Digital LCD effects are very common but they still impress me especially in terms of light effects. The way the light gets blurry on the edges and super strong in the center is simply amazing. I have been doing this kind of effect for quite a long time but never shared exactly this one and using Pixelmator. So in this tutorial I will show you how to create a LCD style text effect using Pixelmator. The whole process is quite simple and won't take you more than 30 minutes. Step 1 Open Pixelmator and create a new document. I am using 1650x1080 pixels. After that fill the background layer with #191919 Step 2 Go to View>Show Gradients. Then add an new gradient preset by clicking with the right button of the mouse on an empty slot and select New Gradient. Create a gradient using black, dark grey, black, dark grey, black and dark grey like the image below. Step 3 Go to Filter>Blur>Gaussian Blur. Use 100 pixels for the Radius. Step 4 Add a new layer and using the Paint Bucket Tool (N) fill the layer with green (#3f7d00). Step 5 Change the blending of the green layer to Multiply at 98%. Step 6 Add a new layer and go to Filter>Generator>Stripes. Use white for the Primary Color and black for the Secondary Color. Also use 2.0 pixels for the Width and 0% for the Sharpness. Step 7 Rotate the stripes layer so you will have horizontal lines. After that change the blending to Color Dodge at 40% Opacity. Step 8 Time to add some text. I am using a font called DS-Digital. You can download it at http://www.dafont.com/ds-digital.font After that add the text you want. I am using 00:00:09 with white for the color. Step 9 Add a new layer underneath the text layer and with the Paint Bucket Tool (N) fill the layer with black. Step 10 Select the text and the black layer and merge them into one. After that go to Filter>Blur>Gaussian Blur. Use 7.5 pixes for the Radius. Step 11 Change the Blending of the blurry layer to Color Dodge. Step 12 Duplicate the layer and change the Blending to Overlay. Step 13 Repeat the same process to add more text to your composition. Step 14 Select all layers and duplicate them. With the new copies selected, merge them into a new one. After that go to Filter>Blur>Gaussian Blur. Use 10px for the Radius, then change the Blending to Screen at 50%. That will create a really nice and realistic glowing effect. Conclusion You can create different colors effects by simply adding different layers with different colors instead of the green one on step 4. This effect is simple but very cool for some more advanced compositions or even for some animations. Now it's up to you to come up with your own versions. Download Pixelmator File Click here to download the Pixelmator file used for this tutorial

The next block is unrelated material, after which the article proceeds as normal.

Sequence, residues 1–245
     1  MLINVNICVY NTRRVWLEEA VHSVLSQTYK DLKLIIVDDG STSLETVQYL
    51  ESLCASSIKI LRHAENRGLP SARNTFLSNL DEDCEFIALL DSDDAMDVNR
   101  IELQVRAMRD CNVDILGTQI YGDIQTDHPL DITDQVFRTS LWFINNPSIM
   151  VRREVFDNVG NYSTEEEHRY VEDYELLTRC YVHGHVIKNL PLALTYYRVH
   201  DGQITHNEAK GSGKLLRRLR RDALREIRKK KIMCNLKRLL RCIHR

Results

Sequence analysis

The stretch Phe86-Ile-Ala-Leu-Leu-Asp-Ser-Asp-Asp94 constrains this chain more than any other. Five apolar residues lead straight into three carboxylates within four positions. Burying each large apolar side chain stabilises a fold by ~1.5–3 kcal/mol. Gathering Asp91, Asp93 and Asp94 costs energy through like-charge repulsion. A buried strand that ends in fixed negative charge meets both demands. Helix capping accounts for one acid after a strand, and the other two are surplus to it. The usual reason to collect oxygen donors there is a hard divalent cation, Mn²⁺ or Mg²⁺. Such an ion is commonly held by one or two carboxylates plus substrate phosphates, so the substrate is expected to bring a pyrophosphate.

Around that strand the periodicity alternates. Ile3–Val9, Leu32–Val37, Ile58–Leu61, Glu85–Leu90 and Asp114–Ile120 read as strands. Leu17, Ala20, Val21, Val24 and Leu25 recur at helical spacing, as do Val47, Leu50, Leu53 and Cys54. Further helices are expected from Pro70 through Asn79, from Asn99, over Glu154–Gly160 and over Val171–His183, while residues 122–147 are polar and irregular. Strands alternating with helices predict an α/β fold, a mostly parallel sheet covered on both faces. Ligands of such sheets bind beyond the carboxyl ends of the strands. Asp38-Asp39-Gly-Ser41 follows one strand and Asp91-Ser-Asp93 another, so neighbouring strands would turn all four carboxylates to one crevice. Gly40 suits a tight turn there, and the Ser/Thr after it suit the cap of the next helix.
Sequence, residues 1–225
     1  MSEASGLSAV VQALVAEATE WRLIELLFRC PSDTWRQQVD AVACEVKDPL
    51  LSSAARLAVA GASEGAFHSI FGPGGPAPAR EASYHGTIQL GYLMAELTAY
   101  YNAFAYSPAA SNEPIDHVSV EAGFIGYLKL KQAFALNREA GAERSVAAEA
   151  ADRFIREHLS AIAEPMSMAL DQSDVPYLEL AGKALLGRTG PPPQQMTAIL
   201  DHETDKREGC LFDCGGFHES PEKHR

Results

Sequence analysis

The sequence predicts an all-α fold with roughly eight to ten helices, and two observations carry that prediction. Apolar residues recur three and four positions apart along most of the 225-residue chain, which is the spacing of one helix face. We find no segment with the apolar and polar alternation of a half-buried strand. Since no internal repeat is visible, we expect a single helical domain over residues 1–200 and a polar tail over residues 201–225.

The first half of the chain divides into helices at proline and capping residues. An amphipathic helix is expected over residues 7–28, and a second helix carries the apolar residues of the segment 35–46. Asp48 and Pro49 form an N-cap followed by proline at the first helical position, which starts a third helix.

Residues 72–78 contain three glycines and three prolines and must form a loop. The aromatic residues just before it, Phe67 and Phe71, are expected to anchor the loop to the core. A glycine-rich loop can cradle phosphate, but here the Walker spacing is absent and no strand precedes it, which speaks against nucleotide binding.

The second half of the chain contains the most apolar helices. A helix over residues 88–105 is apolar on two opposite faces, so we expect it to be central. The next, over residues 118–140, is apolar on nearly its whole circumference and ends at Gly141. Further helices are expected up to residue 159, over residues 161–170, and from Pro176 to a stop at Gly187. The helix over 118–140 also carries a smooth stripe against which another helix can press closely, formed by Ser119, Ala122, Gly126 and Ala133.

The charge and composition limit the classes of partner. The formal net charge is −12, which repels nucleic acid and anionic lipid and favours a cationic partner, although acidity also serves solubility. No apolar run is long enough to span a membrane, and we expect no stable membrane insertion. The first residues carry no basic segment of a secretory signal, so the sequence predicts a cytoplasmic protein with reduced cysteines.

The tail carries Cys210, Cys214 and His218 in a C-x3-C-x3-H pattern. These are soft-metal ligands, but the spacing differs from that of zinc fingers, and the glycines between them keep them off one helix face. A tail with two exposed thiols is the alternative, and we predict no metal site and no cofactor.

Filipp Ryabchikov is a young self-taught graphic designer from Russia, Saint-Petersburg. I came across his portfolio while looking for some 80's/retro inspiration from new artists and designers. I really like his style especially the color scheme of the Futureworld one. For more information about Filipp visit his Web site at http://www.hypnosky.com/ Liquid Sky Revival Designcollector calendar DECEMBER - Futureworld Purple Quazar Pink Quazar Mind NEW LOGO for Synfonics music band Object Psychedelic Crystalls series wallpaper 2 Synfonics album cover Misc